Tips for Learning About Your Competitors

 

There are newer methodologies available to assist you in learning more about your competitors. This can be difficult to do traditionally, and can be costly and time consuming. Below are some ideas for capturing key insights about your competitors and staying in front of them when it comes to customer service, product offerings, and other key points of the customer journey.

 

Mystery shopping: if you’re employing a mystery shopping company for your business, why not open it up to measure your competitors? Many businesses have taken advantage of this with positive results.

What it will tell you: mystery shopping the competitor can be useful in learning more about customer service levels and procedures, how sales associates present information about products similar to what you carry, and view the customer experience through a set of objective eyes. A narrative based report will give you the “meat and potatoes” of the experience, giving you insight without ever stepping foot in a competitor’s location.

How it’s done: some companies will use the same report that they use for their business to have shoppers report on competitor locations. Because most mystery shopping programs are customized to measure your company’s specific standards, this is not always beneficial. Your mystery shopping provider can create a more generalized survey with standard key customer service standards to be used for this purpose. With this approach and a narrative detailing the shopper’s experience, you can learn quite a bit about your competition.

 

Social media monitoring: many social sites are open, but Twitter is the best for easy following of others. While the more bold companies will choose to directly follow the competition, others turn to social media monitoring for this purpose. By using a robust monitoring program, companies can monitor online conversations about their own company and competitors quickly and easily, capturing all online conversations that are related.

What it will tell you: a successful monitoring program can give you invaluable information, including:

  • Finding out if a competitor is having financial troubles, or on the flip side, expanding faster than you first thought.
  • Learning more about their customer base. In many cases, when customers are engaging with a brand, it’s very easy to identify them on social sites and start following/engaging with them, especially if it’s a dissatisfied customer of your competitor. It’s an easy way to turn the tables and gain some new customers.
  • Find out your competitor’s “pain points.” Customers are very vocal and often times more honest when engaging with friends and family on social media. Find out what customers are dissatisfied with from your competitor and gauge your marketing message to address these.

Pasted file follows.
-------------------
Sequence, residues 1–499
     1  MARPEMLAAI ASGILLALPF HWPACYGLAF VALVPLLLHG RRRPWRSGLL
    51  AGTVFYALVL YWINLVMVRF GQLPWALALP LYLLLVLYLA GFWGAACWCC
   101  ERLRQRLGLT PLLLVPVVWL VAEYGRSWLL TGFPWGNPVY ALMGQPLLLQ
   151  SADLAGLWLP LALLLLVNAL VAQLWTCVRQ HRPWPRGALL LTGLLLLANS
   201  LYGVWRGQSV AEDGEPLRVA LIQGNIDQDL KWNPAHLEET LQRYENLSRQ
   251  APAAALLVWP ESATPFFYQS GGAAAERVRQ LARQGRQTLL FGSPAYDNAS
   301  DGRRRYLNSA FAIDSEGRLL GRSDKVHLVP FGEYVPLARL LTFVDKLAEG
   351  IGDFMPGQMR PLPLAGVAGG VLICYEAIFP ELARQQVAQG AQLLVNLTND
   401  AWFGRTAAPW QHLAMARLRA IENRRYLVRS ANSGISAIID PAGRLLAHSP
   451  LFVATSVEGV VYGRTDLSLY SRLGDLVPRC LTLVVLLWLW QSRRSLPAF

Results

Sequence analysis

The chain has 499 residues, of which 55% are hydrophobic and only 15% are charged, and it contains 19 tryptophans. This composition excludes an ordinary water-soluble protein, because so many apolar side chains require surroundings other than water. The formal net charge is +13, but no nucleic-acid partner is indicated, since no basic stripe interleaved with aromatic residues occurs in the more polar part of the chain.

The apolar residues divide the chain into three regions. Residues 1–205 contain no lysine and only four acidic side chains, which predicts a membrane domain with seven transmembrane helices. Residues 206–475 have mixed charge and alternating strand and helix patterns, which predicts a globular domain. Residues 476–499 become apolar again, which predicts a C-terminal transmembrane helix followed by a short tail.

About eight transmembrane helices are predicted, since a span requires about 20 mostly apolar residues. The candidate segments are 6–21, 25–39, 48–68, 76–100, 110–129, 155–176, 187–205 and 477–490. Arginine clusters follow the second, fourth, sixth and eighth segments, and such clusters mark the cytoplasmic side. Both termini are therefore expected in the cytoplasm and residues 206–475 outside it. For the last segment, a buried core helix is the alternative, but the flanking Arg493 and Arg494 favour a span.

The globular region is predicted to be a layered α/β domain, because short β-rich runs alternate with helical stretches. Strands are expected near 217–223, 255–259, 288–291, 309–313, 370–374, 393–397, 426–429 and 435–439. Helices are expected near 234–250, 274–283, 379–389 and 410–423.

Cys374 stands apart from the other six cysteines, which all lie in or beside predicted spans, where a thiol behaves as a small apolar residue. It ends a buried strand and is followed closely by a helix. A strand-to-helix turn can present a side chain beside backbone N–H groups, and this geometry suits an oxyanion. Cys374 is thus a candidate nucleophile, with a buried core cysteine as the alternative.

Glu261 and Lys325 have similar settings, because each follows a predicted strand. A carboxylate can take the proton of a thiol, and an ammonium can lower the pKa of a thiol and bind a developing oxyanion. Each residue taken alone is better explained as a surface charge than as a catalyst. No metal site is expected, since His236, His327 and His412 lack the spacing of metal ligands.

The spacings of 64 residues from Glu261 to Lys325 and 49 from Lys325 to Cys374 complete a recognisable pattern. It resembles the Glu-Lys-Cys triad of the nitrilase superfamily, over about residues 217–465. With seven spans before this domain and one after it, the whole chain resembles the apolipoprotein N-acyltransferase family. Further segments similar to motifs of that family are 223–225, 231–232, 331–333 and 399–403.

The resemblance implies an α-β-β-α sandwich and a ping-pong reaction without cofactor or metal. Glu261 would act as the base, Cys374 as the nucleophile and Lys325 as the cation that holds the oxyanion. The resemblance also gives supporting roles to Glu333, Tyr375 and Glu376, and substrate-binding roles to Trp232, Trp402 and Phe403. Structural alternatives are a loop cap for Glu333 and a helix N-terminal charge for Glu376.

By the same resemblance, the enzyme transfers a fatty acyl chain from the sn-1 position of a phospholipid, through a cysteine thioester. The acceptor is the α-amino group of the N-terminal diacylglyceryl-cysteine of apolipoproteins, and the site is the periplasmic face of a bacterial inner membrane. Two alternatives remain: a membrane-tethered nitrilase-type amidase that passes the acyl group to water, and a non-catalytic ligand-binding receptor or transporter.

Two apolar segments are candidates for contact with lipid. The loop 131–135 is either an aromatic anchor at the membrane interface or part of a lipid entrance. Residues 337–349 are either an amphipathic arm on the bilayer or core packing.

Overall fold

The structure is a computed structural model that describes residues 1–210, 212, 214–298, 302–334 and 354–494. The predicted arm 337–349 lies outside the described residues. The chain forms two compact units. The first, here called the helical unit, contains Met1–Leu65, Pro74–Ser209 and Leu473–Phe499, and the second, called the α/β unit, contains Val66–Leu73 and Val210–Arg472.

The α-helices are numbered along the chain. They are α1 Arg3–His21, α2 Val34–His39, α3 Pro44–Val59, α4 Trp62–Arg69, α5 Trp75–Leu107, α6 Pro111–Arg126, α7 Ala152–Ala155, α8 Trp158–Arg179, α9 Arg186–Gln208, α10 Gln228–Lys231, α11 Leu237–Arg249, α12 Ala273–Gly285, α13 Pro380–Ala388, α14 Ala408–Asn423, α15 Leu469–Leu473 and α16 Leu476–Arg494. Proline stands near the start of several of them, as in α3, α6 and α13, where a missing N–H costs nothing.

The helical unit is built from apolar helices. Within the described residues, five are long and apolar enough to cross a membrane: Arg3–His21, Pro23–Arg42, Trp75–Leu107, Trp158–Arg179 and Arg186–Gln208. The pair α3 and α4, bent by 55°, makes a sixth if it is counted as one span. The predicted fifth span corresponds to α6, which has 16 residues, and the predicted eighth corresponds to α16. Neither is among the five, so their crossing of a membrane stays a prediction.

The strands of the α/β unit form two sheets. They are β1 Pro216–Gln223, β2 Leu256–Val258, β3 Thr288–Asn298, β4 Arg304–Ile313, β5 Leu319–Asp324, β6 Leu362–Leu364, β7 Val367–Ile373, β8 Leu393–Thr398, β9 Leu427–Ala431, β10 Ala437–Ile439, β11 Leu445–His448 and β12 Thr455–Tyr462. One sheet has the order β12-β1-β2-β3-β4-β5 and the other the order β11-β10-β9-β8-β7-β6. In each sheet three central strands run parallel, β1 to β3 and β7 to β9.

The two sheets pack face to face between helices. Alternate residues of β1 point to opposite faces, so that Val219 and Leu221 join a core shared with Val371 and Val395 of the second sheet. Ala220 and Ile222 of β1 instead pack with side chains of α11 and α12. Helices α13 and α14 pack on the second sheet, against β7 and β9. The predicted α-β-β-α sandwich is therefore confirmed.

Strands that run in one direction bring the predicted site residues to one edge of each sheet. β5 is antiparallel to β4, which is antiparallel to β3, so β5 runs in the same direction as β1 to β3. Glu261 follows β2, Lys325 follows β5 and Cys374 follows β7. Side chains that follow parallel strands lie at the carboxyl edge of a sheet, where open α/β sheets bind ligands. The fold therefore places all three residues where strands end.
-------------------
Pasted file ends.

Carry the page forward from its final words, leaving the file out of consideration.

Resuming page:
• Learn about promotions and events. Is your competitor doing something “outside the box” with regard to events and/or promotions? Was it something you were considering yourself but weren’t sure of the reception it would receive? Especially with events, location based social monitoring can give you insight into customer perceptions and success – by essentially creating a social “fence” around the event location, you can capture social media content from the area, even if the user doesn’t use a hashtag for the event or reference it in the caption directly. This is a newer technology that can bring a lot of real time insight for your company or your competitor.

How it’s done: by using a service provider that is familiar with the ins and outs of social media monitoring, you can set up a regularly monitored program. Just identify the competitors you would like to monitor and you’re done. You will receive weekly reports that include all collected conversations, including user names and handles of those talking about the competition, allowing you to add them to your own social networks. Using the analytics system will allow you to dive further into the data collected, finding themes and areas for further investigation.

Location based monitoring can be used for events once your service provider knows the dates, locations, and time frames for the event. The data will be captured in a similar manner to social media monitoring, but will be provided at the end of the event. This program also provides analytics to dig deeper into the content collected.

 

Keeping tabs on the competition is nothing new, but technology and new uses for old methodologies can make it much easier than it was in the past. Hopefully these tips will give some food for thought on scoping out your competition.

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